- Post 20 June 2013
- By Special to the Daily World
- Hits: 356
The 100 Black Men of America (100 BMOA) focused on awareness and solutions for a number of health and wellness issues impacting African Americans at its 27th Annual Conference held earlier this month in New Orleans.
Under the theme: 'Optimizing Health & Wellness: Body, Mind and Spirit', more than 2,100 attendees, including many young people, heard experts on panels and in workshops, learned about new mentoring and education techniques, and recognized best practices to improve health personally and in their communities.
"Health and wellness are crucial to the young people we serve through our 'Mentoring the 100 Way Across a Lifetime℠.' Our efforts are not nearly as effective if those we mentor are not healthy and well," said Curley M. Dossman, Jr., Chairman of 100 Black Men of America, Inc.
"So we are intensifying our efforts to raise the consciousness of the state of health in the African American community, and enhancing our programs' impact in this area."
The health state of African Americans was in the spotlight since there is greater incidence of prostate cancer, diabetes, hypertension, and HIV/AIDS versus the general population. Further, African Americans are more likely to die from heart disease, lung cancer, and stroke. Obesity and high blood pressure are also significant issues that are affecting Black youth.
In his conference keynote address, Dr. John E. Maupin, Jr., president of Morehouse School of Medicine, challenged the audience to help change the health and wellness culture of the African American community saying, "We are out of balance, out of order, and almost out of time."
In response to the growing risks for prostate cancer – the incidence rate is 60% higher for African Americans and the death rate is 2 ½ times that of Caucasian men –the 100 BMOA reaffirmed its 2012 Prostate Cancer Statement that the current standard medical guidelines for prostate cancer screening are insufficient for African American males, putting them at greater risk.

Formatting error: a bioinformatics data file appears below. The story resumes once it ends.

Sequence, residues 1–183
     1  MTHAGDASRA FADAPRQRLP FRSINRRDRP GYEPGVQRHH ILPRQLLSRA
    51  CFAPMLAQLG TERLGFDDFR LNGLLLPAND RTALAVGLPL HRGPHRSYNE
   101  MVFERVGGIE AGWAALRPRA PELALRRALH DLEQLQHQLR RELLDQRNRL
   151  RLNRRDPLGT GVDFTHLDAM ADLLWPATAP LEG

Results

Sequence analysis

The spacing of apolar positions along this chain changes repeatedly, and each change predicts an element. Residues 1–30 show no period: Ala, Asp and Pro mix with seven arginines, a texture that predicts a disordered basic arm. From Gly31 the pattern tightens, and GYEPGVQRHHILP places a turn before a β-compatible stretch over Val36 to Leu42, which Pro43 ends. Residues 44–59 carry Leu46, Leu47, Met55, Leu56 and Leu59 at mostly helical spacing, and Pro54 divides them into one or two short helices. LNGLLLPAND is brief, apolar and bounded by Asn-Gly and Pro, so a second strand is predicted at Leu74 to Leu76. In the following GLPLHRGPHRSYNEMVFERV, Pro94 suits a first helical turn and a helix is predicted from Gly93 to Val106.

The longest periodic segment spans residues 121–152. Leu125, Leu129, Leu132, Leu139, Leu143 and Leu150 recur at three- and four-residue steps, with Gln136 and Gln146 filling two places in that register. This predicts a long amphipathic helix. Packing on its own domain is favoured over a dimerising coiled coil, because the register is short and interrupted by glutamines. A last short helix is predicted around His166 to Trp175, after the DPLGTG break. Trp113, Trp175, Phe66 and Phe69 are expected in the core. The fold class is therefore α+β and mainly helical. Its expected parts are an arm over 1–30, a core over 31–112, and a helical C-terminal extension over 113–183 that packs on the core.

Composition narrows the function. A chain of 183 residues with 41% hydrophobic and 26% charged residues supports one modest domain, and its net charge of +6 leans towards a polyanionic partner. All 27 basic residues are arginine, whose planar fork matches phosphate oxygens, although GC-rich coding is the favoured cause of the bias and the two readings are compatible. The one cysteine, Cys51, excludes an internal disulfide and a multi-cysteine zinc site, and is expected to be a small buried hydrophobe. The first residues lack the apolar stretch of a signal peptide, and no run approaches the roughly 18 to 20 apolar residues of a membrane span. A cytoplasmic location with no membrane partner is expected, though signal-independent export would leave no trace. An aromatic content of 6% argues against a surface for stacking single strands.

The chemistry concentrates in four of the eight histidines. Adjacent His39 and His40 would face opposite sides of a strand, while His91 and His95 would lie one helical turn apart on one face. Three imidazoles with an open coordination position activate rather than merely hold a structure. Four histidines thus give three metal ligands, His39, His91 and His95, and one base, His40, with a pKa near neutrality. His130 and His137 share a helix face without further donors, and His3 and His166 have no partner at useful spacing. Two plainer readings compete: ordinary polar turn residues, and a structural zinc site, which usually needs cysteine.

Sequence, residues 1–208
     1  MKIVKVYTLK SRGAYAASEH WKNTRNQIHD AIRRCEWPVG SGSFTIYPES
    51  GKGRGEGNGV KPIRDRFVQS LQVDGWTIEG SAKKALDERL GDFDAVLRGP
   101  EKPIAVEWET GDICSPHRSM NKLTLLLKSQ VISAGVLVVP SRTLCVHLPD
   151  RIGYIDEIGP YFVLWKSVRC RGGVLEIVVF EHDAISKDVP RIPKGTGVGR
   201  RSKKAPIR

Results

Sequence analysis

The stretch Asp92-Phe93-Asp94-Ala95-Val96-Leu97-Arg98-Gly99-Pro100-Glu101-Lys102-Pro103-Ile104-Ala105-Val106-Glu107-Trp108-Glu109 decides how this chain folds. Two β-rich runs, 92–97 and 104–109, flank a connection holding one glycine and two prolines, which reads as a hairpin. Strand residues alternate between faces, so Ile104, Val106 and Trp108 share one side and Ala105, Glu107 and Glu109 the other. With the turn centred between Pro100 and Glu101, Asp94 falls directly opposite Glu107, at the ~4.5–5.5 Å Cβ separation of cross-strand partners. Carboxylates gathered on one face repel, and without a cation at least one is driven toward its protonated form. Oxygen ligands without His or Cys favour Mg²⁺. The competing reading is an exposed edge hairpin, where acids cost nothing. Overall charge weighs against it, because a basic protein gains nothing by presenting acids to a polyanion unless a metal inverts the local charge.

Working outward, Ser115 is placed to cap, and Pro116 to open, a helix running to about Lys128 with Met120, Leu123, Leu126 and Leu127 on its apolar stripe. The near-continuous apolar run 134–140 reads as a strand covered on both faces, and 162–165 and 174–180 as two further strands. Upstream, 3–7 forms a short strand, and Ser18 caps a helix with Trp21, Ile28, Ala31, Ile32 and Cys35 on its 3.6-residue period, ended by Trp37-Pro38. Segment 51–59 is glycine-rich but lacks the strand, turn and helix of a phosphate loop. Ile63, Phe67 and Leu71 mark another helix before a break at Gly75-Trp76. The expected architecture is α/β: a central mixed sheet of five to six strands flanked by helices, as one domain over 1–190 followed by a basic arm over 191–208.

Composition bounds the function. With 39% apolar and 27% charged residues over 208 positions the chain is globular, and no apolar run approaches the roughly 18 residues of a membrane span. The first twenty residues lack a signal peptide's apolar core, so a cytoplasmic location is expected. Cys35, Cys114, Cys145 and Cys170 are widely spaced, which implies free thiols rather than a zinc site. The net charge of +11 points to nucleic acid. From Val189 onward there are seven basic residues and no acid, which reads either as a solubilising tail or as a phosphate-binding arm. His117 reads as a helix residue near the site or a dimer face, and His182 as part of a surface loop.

100 BMOA conducted its traditional Community Empowerment Project (CEP) by providing a health and wellness fair for Central New Orleans residents in partnership with the 100 Black Men of Metro New Orleans.
The CEP was held at the Ashe´ Cultural Arts Center.
More than 1,200 residents received health education that included: disease prevention strategies, diet and exercise, disaster preparedness, spiritual health, financial health, and affordable health care access. In addition, health screenings for HIV/AIDS, prostate cancer, breast cancer, dental issues, and stroke were conducted, as were body mass index and blood pressure checks.
Exhibits and demonstrations on health-promoting subjects, such as how to cook nutritious meals, were also given in a festive atmosphere of healthy food, fun, and games that engaged the entire family.
At this year's conference, 100 BMOA announced the following partnership investments: Wells Fargo $400,000 (Impact Expansion in Mentoring & Education), UPS $125,000 (Leadership Development & Scholarships), Anheuser-Busch $175,000 (Mentoring & Water Conservation), Aetna $50,000 (Health Power 2013 / Youth Movement), and General Motors $35,000 (Impact Expansion for Mentoring & Education).
"These partners reflect our collaboration with like-minded organizations and individuals who share our common cause of mentoring youth in at-risk situations," Chairman Dossman said. "As part of our '100 as One' platform, we are deepening our One Cause and broadening our One Network. These partners are part of that network which extends internationally through our 110 chapters."